On Sat, 29 Jun 1996, Ronald A Ward wrote: <stuff deleted> > 66. In discussing place value, I am aware that many writers put off > discussing the teens in this context because of the way we "say" the teen > numbers. But I once saw an interesting approach [from Wayne Peterson of > the Seattle Public Schools, I believe] which though humorously presented > does have considerable merit. Note how we pronounce "40, 60, 70, 80, and > 90." To be consistent, we should say "twoty, threety, fivety" for "20, > 30, 50." Now note what that does for the teens: "13" becomes > "onety-three" for example. Makes much more sense to me from a place value > perspective. Comments? :)
Interesting, Ron. This reminds me of other place-value based ways of talking; for example, we say "twelve sixty-five" in reference to a certain number of dollars and a certain number of cents. And phrases like "fourscore and seven" used to be common. I wonder whether forty-five is an abbreviation of "four tens and five." Karen Dee?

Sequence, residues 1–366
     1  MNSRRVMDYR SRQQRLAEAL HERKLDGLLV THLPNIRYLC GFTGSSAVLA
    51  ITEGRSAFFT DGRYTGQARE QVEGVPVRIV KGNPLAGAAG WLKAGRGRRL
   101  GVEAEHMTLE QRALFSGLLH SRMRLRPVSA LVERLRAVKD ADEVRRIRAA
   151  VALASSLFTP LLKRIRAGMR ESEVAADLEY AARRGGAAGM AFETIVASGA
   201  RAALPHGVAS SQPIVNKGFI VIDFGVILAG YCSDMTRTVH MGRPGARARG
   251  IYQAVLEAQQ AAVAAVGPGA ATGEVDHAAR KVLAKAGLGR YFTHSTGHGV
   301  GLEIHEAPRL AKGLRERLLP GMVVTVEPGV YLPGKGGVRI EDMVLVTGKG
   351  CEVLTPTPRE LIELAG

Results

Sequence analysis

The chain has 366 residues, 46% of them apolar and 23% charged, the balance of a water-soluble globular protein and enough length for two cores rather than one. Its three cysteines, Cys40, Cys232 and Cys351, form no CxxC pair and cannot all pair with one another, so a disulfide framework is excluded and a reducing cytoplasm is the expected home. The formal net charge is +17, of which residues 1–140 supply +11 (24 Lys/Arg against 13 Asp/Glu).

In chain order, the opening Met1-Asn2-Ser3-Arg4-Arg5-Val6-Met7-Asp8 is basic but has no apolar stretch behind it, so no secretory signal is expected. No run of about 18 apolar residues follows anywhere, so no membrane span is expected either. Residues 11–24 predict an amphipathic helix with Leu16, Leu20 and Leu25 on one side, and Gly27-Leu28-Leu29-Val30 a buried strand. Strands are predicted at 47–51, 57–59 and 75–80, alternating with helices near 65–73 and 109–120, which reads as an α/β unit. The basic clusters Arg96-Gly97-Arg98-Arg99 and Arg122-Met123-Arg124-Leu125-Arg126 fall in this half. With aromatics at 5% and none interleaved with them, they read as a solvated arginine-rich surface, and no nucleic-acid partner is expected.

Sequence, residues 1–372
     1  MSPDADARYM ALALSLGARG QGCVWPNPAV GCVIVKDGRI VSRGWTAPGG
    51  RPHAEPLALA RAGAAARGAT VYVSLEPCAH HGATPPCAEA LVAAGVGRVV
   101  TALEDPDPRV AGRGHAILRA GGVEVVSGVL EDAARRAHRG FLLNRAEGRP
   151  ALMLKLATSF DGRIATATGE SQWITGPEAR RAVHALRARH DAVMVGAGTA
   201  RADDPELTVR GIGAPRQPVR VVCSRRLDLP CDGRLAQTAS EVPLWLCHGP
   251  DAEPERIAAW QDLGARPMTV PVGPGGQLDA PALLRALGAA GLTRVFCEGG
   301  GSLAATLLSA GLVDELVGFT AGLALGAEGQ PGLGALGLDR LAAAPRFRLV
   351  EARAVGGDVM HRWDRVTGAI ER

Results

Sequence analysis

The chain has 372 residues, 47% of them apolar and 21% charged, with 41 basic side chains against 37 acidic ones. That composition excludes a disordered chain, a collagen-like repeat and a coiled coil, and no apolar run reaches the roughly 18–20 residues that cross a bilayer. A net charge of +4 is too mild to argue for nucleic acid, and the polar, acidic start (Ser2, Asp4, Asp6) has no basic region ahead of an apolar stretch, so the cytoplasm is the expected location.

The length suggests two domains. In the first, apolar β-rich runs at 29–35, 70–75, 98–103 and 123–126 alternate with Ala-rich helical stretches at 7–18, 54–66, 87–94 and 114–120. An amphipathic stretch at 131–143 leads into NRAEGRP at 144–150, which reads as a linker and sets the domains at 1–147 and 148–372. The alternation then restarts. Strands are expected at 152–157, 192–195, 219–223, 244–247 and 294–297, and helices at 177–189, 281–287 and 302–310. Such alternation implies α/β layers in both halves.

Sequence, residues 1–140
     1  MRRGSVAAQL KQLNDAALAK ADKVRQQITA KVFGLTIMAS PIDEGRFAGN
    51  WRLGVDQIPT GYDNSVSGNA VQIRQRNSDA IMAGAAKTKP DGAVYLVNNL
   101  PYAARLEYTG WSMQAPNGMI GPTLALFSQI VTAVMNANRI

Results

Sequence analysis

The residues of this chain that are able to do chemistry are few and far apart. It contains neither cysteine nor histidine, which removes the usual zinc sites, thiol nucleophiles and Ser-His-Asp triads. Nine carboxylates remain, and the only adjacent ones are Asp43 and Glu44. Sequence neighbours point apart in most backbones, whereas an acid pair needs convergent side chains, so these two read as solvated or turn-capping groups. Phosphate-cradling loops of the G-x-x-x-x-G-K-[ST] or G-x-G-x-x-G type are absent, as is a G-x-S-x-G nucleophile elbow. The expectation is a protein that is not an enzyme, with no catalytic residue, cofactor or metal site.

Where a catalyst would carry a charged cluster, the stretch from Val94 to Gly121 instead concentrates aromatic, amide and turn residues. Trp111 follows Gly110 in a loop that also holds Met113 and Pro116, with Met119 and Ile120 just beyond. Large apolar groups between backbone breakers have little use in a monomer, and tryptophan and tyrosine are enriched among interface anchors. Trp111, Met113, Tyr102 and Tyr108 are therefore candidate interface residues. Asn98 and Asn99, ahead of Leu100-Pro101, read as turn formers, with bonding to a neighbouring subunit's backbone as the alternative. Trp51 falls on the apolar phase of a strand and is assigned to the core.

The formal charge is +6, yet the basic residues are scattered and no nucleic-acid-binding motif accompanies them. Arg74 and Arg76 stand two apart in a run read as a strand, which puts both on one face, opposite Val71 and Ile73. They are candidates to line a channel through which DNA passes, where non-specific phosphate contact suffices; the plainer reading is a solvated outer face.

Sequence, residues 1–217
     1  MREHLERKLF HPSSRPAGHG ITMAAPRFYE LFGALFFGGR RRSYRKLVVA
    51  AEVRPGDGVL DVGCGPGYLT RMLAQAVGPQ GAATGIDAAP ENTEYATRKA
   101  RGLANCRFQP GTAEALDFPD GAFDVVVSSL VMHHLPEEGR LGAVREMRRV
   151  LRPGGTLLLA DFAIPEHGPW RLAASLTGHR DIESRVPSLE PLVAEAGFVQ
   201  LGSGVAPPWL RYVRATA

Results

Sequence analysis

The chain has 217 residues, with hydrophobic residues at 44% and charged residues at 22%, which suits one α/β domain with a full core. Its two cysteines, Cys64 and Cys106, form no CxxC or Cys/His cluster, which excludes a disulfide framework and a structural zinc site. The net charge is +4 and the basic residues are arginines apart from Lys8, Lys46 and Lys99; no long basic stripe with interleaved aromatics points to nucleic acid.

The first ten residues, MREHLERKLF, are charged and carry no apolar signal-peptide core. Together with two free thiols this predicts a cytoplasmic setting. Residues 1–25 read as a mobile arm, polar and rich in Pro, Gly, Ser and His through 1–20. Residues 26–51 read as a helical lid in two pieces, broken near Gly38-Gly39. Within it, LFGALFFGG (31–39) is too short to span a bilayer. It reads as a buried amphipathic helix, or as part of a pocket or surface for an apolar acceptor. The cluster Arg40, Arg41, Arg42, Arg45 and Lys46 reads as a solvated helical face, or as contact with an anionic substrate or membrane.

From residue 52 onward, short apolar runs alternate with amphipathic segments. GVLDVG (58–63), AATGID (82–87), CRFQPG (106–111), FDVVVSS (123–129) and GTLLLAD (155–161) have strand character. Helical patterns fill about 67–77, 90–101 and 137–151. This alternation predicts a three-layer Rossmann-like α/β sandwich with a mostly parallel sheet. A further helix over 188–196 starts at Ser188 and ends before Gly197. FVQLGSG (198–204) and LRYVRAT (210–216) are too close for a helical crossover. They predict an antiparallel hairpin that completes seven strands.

If so, it might make sense to approach place value from the assumption that ontogeny recapitulates phylogeny: we (collectively) used to refer to a certain number as four tens and five; perhaps in writing this was shortened to 4T5; and the language evolved (as it so often does) from our common use of it. Thirteen (ten and three) and other teens (tens) probably have a good reason for being "backwards;" again, hearing from the historians on this would be helpful. As Ron says, it would probably be really good for kids' development of number sense to get them involved in the evolution of the terminology. (Bonus points for anyone who can explain eleven.)
Kreg A. Sherbine | To doubt everything or to believe Apollo Middle School | everything are two equally convenient Nashville, Tennessee | solutions; both dispense with the firstname.lastname@example.org | necessity of reflection. -H. Poincare